Solutions were as follows: (1) 10 mM Tris/0.1M EDTA, pH 7.0-12.5; (2) 3M NaOH (6 g in 50 ml water; BDH AnalaR #10252.4X); (3) 2M Metabisulphite (7.6 g in 20 ml water with 416 μl 10 N NaOH (BDH AnalaR #10356.4D); (4) 10 mM Quinol (0.055 g in 50 ml water; BDH AnalaR #103122E); (5) 50×TAE gel electrophoresis buffer (242 g Trizma base, 57.1 ml glacial acetic acid, 37.2 g EDTA and water to II); and (6) 5× Agarose gel loading buffer (1 ml 1% Bromophenol blue (Sigma B6131), 1 ml Xylene Cyanol (Sigma X-4126), 3.2 ml Glycerol (Sigma G6279), 8 μl 0.5M EDTA pH 8.0, 200 μl 50×TAE buffer and water to 10 ml).

Tissues and Cell Lines

Tissues and cell lines were obtained as follows: HeLa (cervical cancer cell line, ATCC CCL-2); LNCaP (prostate cancer cell line, ATCC #CRL-10995); HepG2 (liver cancer cell line, ATCC #HB-8065); and MCF-7 (breast cancer cell line, ATCC #HTB-22) were obtained from American Type Culture Collection.

For preparation of T-medium for growth of LNCaP Cells, reagents were obtained from Gibco/BRL or Invitrogen, except as indicated, as follows: DMEM powder 10× sachets (10×11; #31600-034); F-12K Nutrient mixture, Kaighn's Modifn. (500 ml; #21127-022); L-Glutamine, 200 mM (100 ml; #25030-081); Penicillin/Streptomycin 5000 U/ml, 5000 μg/ml (100 ml #15070-063 Thermo Trace); Foetal Bovine serum (500 ml; #15-010-0500V Sigma); Insulin (Bovine pancreas) (100 mg; #11882); Transferrin (Human) (10 mg; # T5391); d-Biotin (500 mg; #B4639); Adenine (5 g; # A3159); T3 (#T6397 or #T5516).

T-media (500 ml) was prepared as follows: DMEM stock solution was prepared, by adding 3.7 g Sodium bicarbonate per liter and adjusting the pH to between 7.2-7.4. To 400 ml of DMEM stock solution, the following reagents were added: 100 ml of F-12K; 250 μl of insulin (10 mg/ml); 1.0 ml T3 (500×; Tri-iodothyronine; 6.825 ng/ml); 1.0 ml transferrin (500×; 2.5 mg/ml); 1.0 ml Biotin (500×; 0.122 mg/ml); 4.0 ml Adenine (125×; 3.125 mg/ml); 5.5 ml Penicillin/Streptomycin (100×; 5000 μg/ml); and 5.5 ml Glutamine (100×; 200 mM). After sterile filtration, 50 ml of Foetal Bovine Serum was added to give 10%.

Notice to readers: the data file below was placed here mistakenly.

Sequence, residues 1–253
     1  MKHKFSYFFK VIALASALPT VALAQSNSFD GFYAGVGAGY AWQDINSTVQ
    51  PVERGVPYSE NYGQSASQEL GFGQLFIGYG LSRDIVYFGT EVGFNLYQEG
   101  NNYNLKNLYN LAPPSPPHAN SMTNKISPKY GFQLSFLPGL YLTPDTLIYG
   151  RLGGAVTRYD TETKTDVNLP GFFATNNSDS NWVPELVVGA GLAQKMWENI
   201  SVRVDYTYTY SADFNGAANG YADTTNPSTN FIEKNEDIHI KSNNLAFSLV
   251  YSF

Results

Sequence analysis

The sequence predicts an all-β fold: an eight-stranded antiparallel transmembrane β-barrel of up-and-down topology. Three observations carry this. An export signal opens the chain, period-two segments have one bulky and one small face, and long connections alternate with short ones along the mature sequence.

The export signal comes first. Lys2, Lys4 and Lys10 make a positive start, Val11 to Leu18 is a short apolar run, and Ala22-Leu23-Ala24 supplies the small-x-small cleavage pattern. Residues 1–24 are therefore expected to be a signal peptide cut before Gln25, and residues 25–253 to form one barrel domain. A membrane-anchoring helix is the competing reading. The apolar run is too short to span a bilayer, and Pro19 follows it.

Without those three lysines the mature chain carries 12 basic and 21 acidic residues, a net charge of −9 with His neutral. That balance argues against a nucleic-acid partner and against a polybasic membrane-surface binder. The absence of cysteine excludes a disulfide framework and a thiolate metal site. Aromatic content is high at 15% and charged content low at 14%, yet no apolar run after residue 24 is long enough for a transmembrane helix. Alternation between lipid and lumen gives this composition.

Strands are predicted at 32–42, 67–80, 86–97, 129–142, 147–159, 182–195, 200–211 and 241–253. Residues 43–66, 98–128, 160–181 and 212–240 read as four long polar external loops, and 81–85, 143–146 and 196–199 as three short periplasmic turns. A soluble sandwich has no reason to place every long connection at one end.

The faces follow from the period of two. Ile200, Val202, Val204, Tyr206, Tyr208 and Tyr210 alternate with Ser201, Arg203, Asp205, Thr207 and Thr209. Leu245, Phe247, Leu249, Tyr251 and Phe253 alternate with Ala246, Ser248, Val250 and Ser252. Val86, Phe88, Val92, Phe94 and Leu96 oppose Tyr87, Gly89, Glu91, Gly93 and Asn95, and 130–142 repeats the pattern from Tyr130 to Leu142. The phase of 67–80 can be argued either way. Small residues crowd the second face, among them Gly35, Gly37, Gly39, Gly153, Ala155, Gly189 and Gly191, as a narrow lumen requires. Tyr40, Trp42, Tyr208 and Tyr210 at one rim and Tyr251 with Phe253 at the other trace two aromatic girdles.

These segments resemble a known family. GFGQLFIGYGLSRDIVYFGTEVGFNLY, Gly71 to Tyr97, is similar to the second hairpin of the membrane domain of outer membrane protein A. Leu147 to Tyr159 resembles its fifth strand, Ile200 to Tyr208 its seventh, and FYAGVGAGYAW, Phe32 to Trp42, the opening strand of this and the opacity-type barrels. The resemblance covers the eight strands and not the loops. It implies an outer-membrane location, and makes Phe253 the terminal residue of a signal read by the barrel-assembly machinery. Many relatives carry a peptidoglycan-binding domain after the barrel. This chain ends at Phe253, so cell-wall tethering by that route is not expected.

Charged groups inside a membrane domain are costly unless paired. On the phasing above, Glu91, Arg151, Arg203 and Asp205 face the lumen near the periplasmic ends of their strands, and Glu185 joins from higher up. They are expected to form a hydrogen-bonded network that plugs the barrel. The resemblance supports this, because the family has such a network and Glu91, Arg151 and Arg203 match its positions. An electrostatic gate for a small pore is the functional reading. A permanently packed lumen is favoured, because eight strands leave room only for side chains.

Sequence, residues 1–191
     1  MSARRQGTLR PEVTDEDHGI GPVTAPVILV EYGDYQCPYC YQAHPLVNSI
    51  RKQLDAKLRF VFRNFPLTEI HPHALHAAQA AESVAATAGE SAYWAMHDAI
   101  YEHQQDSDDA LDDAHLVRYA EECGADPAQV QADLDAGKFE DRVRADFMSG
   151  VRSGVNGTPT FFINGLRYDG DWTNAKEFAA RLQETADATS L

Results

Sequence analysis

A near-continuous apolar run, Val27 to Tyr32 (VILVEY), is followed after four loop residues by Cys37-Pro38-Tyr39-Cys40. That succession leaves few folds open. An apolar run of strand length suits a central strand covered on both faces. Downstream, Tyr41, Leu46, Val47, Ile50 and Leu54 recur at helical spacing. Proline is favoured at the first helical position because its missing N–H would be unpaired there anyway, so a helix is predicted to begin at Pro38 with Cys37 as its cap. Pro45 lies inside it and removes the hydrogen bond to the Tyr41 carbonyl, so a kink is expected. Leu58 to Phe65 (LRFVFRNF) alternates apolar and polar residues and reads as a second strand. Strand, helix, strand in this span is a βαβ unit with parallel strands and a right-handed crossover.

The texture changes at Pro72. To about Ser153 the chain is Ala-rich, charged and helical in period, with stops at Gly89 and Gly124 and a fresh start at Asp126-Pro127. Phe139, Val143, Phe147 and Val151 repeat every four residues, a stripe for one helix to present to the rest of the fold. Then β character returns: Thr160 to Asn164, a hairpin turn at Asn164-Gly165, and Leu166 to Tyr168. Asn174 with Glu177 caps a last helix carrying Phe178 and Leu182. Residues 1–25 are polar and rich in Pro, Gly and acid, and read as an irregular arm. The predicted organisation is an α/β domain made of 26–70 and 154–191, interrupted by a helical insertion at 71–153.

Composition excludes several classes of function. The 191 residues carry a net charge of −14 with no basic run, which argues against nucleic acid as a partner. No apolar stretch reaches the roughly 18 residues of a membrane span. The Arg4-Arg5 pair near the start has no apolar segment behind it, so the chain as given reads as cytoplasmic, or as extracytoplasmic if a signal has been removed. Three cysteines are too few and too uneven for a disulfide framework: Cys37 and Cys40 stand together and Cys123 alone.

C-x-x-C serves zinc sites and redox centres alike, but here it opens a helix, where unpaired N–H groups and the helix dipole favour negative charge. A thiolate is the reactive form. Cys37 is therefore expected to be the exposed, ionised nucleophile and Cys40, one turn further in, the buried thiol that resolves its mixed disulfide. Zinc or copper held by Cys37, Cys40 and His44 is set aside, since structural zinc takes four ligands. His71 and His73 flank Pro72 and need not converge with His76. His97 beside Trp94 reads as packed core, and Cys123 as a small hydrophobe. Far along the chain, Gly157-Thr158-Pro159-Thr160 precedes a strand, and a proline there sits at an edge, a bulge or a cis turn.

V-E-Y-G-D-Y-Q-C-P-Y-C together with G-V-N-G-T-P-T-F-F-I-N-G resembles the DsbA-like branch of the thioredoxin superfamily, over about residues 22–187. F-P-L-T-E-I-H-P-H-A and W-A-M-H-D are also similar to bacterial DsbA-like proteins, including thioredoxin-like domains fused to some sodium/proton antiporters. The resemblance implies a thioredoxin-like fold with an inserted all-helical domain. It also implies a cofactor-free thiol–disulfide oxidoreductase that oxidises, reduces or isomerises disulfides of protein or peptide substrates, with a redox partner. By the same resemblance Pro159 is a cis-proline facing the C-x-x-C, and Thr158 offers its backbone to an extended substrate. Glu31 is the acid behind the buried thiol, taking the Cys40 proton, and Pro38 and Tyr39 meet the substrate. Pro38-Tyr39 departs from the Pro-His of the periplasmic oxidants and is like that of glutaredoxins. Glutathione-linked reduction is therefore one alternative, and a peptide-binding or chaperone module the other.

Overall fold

Table 1 sets out the cell lines and growing conditions used in the experiments outlined below.

Name Cell Type Growing Conditions
BL13 Bladder Cancer RPM1 + 10% HI FCS
Split 1:3, 2x week
DU145 Prostate Cancer RPM1 + 10% HI FCS + 2 mM
(unmethylated) Glutamine
Split 1:6, 2x week
HeLa Cervical Carcinoma RPM1 + 10% HI FCS for
initial rapid growth then
DMEM + 10% HI FCS for
slower growth. Split 1:10, 2x
week
HepG2 Liver DMEM (high glucose 4.5 g/L) +
Carcinoma 10% HI FCS + 2 mM
Glutamine.
Split 1:4 2x week
LNCAP Prostate Cancer DMEM (low glucose) + 10%
(Methylated) HI FCS + 2 mM Glutamine +
Lots of other nutrients, see
LNCaP growth method sheet.
MCF7 Breast Cancer RPM1 + 10% HI FCS
Split 1:6, 2x week

Purification of T-cells and CD34+ Cells from Whole Blood

Samples were obtained from a patient undergoing leukapheresis at the Royal North Shore Hospital, Sydney. Samples were obtained with prior Ethics Committee approval. White blood cells were concentrated using Ficoll Paque plus (Amersham Biosciences #17-1440-03; Piscataway N.J.) according to the manufacturers instructions. T-cells and CD34+ cells were isolated from the white cell population using CELLection CD2 Dynabeads (Dynal #116.03; Lake Success N.Y.) and Dynal CD34 Progenitor Cell selection system (Dynal #113.01) respectively according to the manufactures instructions.

The following equipment was used: the PCR machine was ThermalHybaid PX2 (Sydney, Australia) the Gel Documentation System was a Kodak UVItec EDAS 290 (Rochester N.Y.), and the microfuge was an Eppendorf 5415-D (Brinkman Instruments; Westbury N.Y.).

DNA Amplification

PCR amplifications were performed in 25 μl reaction mixtures containing 2 μl of bisulphite-treated genomic DNA, using the Promega PCR master mix, 6 ng/μl of each of the primers. The strand-specific nested primers used for amplification of GSTP1 from bisulphite-treated DNA are GST-9 (967-993) TTTGTTGTTTGTTTATTTTTTAGGTTT (SEQ ID NO: 1); (F) GST-10 (1307-1332) AACCTAATACTACCAATTAACCCCAT (SEQ ID NO:2) (R), GST-11 (999-1027) GGGATTTGGGAAAGAGGGAAAGGTTTTTT (SEQ ID NO:3) (F); GST-12 (1281-1306) ACTAAAAACTCTAAAAACCCCATCCC (SEQ ID NO:4) (R). The location of the primers is indicted according to the GSTP1 sequence (Accession number: M24485; GenBank citation Morrow et al., Gene 75:3-11 (1989)).